I reckon traveling as part of a tour group is more taxing than going solo. On January 31st I left my Dad’s house in Pennsylvania to walk yet again with my most useful belongings in a backpack to the Ardmore train station. I spotted a few people from high school on the train into Philadelphia but didn’t say hi.
Philly to New York city was a ridiculously easy ride for $5.50 which included free wifi. As always I did some work on the bus before i’d take my first vacation from work in something like five years. That’s not to say I work literally everyday but I can’t remember the last time I took off more than two days in a row.
As the title says group travel can be a pain. The tour company demanded that everyone arrive at the JFK airport a whole 5 hours in advance. I tried to meet that deadline at the last minute. But I was panicked taking the train from Penn station to Jamaica, and then a separate skytrain to the airport.
If I did everything correctly it meant i’d arrive at the airport right at the last minute allowed. Because i’m a dummy who like to travel often I didn’t actually have a cell phone in the U.S. to call the group. It’s a free trip so the company’s threat of giving away your plane ticket if you’re late seemed pretty real.
I hauled ass once the skytrain arrived opting for stairs rather than elevators. You could see me running up a few ramps with my 40 pound backpack attached along with my daypack on the front. I did make to to Delta checkin on time but with no group to be seen. Turns out I was in the the wrong wing of the correct terminal so I had to leave the building, run down some stairs, and run through the street.I did arrive just five minutes late. But from what I later heard around 10 others showed up a few hours late.
I found one of tour leaders who arranged my ticket. While waiting the few minutes I noticed a handful of others likely on my tour. I pretended not to notice while staring straight ahead. I preferred to make a better first impression once my panicky mood and sweating would subside. They issued my ticket and I made it.
At the gate I took a seat next to a few other my age and made small talk with a guy sitting next to me. Of course he was on my trip and later on I would meet some others casually. These were the first normal people I had met in a while, as in non-travelers.
A few hours before take-off the group leaders arranged us in a circle for a few ice-breakers. We threw a ball around a circle shouting the person’s name at the same time. This would help us learn each other’s name. Even after ten days with 40-some people I still didn’t know everyone’s name.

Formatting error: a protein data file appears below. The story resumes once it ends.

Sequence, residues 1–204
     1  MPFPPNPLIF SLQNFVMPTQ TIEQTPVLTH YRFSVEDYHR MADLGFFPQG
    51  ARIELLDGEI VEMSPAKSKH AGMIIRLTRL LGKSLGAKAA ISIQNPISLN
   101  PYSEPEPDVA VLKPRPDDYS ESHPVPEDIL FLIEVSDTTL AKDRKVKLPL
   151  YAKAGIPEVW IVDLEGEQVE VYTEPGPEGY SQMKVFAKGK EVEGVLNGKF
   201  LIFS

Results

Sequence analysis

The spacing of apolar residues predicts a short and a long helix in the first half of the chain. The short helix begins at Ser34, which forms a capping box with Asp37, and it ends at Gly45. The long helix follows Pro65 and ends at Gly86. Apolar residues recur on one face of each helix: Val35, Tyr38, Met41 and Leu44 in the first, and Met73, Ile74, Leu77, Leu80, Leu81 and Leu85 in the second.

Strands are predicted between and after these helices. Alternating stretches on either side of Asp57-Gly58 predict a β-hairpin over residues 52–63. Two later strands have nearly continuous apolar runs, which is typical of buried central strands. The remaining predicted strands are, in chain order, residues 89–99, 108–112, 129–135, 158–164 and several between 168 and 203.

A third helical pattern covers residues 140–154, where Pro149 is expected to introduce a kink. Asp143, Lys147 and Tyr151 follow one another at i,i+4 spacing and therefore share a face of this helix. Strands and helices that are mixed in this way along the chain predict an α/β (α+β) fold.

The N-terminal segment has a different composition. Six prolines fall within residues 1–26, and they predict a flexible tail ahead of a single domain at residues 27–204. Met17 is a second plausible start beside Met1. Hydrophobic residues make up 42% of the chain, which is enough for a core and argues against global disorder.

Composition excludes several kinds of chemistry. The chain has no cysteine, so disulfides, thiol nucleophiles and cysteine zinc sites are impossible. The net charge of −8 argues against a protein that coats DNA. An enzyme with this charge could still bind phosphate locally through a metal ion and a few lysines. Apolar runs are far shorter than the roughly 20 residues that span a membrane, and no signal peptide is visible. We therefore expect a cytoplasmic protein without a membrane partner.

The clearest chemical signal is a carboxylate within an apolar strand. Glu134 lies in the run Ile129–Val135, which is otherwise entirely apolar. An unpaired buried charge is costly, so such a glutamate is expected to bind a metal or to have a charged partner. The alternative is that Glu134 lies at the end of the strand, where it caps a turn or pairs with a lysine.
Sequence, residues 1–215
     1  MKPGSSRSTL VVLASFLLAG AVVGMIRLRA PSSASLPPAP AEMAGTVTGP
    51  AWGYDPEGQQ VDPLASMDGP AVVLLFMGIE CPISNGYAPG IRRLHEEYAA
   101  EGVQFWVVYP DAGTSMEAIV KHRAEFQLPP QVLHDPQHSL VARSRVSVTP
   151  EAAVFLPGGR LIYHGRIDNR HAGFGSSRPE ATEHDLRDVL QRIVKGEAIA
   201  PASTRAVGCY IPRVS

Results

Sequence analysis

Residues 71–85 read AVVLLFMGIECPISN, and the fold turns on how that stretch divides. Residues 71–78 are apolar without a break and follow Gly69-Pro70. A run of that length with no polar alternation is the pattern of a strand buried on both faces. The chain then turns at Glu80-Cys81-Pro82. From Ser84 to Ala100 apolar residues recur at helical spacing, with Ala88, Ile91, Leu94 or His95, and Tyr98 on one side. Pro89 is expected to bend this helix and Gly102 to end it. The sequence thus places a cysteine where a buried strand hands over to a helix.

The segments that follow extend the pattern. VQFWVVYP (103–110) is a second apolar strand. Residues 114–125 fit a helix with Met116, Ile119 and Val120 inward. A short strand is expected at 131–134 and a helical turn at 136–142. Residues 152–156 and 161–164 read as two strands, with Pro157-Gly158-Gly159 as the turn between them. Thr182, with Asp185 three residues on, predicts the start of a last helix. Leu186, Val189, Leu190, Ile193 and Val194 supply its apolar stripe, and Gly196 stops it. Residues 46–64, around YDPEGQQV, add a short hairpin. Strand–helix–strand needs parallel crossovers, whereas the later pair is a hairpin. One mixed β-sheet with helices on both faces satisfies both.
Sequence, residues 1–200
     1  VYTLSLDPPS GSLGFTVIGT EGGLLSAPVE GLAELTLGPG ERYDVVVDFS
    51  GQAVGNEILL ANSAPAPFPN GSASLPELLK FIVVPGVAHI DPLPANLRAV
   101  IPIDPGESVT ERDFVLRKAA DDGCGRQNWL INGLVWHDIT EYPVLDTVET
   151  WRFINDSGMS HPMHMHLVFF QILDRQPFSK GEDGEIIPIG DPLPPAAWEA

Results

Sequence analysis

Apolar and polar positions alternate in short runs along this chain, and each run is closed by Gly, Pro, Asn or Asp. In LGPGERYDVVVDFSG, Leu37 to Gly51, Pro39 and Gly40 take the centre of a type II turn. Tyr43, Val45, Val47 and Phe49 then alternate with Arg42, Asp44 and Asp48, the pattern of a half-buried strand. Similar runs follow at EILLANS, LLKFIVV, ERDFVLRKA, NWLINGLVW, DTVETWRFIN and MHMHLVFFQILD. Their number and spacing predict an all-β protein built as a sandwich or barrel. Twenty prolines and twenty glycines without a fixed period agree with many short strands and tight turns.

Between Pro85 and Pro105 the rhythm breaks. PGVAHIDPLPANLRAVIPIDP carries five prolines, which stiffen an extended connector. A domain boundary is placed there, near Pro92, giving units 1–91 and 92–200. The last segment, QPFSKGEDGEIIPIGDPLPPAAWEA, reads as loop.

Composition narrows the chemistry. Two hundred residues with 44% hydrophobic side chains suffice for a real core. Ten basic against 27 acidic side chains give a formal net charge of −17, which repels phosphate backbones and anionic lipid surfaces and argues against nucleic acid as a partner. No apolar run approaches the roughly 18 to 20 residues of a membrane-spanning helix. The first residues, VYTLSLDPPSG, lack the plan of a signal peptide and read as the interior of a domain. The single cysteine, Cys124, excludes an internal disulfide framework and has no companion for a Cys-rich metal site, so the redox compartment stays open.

When we boarded the plane I noticed a familiar face. He was easy to spot with his red hair. We were on the same wrestling team in high school and then went to the same university the next three years.
On the plane I sat next to a few people not interested in having much conversation. After a few hours I gave up and swallowed a few heavy sleeping pills I bought from m my roommate in Colombia a few weeks before. The nice thing about some developing countries is that you don’t need a prescription for some drugs. The pills worked.
This is when I got a little ahead of myself. I grabbed my bags figuring the group would meet outside of immigration in the main airport building. I waited for a bit outside until the group never came. That’s when all 40 people who I had barely met came through the checkpoint. I could hear each and everyone of them sighing as they figured, here is that kid who’s always going to get lost. Great first impression on my part.
Yay! I can’t wait to read more about our Israeli adventure. I actually forgot that you got lost that first day. Don’t worry, you made a very good first impression.
At least you didn’t back up into the jeep behind you *waves sheepishly* yeah, that was me. Can’t wait to read more!!
Locationless Living says
Thanks for reading Alyssa. Looks like I have to censor what I write now haha 🙂
When I went to Israel, I was also part of a group (a Russian one to boot, and I don’t know a single word in said language)…and upon arrival I lost my group…it seems that Israel does that to people – I only spent one day there but it was enough – a trip with a group you can’t talk to…overall though it was a great adventure 🙂
No, don’t censor anything…unless you have something bad to say about me. Haha. I kid. Keep it real!
Locationless Living says
What? How did you end up on a Russian tour group?!? haha I can’t even begin to imagine.
I was on vacation with my parents in Turkey and the trip to Israel was an optional one..so I went with a group but they assured me there will be an English speaking guide as well…well, there wasn’t one – enough said….for full details you can check my post on “Russian experience by the Mediterranean Sea” in the “Travel” section of my blog…great adventure, however I wouldn’t want to go through it again :))
Hibba (www.hibba.org) runs a great Birthright Israel trip. They are the best kept secret among Birthright providers. I highly suggest you sign up with them. As a past participant on their programs they offer an amazing program and they are the easiest trip organizer to get on to. Register at http://israelintouch.com/
Louis Wilen says
My children applied for Brithright Israel trips through Hibba and it’s been nothing short of a complete mess. They were assigned to trips outside of their college breaks, even though they each clearly gave the dates of their breaks. Hibba’s manger, Yochi, did not respond to multiple emails and phone calls from my children and from me. Birthright headquarters had to become involved to straighten out the mess (and the issues are still not totally resolved).